Danse Noire, 2006

Music : Andrés Lewin Richter
Runtime: 3’33”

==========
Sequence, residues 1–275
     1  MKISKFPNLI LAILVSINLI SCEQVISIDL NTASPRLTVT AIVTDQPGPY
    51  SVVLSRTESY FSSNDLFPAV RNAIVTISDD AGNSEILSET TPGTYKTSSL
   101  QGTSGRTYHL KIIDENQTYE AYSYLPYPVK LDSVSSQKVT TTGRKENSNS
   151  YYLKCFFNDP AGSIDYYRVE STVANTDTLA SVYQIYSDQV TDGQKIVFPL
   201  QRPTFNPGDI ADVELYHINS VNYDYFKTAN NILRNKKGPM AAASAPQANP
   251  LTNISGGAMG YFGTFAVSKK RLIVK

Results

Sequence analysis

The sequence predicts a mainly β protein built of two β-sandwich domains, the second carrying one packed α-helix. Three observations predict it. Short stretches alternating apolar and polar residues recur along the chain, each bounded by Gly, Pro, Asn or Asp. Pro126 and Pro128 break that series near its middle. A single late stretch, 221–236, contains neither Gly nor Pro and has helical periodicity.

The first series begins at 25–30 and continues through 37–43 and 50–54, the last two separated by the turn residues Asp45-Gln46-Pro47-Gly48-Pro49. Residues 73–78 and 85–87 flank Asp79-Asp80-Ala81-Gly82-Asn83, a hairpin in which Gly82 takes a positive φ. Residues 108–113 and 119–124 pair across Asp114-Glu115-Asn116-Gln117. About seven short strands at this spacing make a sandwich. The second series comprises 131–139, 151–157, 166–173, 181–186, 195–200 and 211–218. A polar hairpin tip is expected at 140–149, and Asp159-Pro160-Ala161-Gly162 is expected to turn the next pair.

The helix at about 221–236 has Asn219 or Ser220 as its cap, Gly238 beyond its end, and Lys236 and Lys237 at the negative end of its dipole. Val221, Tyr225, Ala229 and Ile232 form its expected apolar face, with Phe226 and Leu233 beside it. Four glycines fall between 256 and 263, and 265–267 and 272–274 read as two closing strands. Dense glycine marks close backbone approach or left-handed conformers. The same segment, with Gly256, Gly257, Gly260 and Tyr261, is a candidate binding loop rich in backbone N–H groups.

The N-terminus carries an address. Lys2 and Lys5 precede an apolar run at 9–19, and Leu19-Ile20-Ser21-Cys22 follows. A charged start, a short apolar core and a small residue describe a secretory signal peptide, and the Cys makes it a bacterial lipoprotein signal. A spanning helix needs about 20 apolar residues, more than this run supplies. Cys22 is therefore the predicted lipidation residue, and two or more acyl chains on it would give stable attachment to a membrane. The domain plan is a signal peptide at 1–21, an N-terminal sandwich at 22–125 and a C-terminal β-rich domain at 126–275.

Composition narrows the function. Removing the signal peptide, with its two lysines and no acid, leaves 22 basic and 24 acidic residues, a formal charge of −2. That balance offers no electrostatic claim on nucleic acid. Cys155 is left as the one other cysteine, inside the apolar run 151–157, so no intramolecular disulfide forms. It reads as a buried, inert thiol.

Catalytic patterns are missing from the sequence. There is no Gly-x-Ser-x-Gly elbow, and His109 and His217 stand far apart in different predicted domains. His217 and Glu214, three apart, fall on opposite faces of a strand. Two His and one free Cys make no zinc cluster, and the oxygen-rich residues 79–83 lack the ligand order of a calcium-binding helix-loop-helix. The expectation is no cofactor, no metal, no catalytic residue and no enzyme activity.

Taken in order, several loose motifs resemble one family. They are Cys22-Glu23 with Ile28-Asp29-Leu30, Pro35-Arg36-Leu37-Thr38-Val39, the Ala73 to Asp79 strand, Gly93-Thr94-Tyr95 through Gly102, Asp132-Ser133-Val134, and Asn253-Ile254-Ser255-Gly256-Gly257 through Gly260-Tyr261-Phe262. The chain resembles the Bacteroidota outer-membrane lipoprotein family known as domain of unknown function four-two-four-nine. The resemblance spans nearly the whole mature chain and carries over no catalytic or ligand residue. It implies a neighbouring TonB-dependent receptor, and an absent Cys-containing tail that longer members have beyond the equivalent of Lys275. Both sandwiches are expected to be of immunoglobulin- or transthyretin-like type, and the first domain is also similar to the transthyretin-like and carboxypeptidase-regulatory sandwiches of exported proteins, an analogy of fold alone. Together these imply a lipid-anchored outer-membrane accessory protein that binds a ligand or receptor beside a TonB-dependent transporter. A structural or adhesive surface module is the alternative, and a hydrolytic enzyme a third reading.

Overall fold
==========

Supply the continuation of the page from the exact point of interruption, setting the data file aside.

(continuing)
Over the years I have often visited and admired a small room at the Metropolitan Museum of New York. Each time I have been captivated and happy in that space inhabited by the “Danseuses” of Edgar Degas. When gazing at their bronze presence in motionless choreography behind the cabinets displayed throughout the room I am always tempted to rescue them from their apparent immobility to trace the intuited gestures of their dance. That is how one day I shot, almost furtively, several roles of photographs. Months later, in my study, on copies of these photographs, I drew the paths that I perceived in the different poses of the dancing figures. Later, I created an endless number of black inks that served to “animate” the film Danse Noire; imaginary scenes of a pas de deux between the ink and the sculptured “Danseuses”. I owe the last scene in the film, where a jellyfish appears in the foreground, to having read “Degas, Danse Dessin” by Paul Valéry:  «Here, in the incomprehensible plenitude of water that appears to offer no resistance, these creatures enjoy the ideal mobility, they relax and gather their gleaming symmetries.»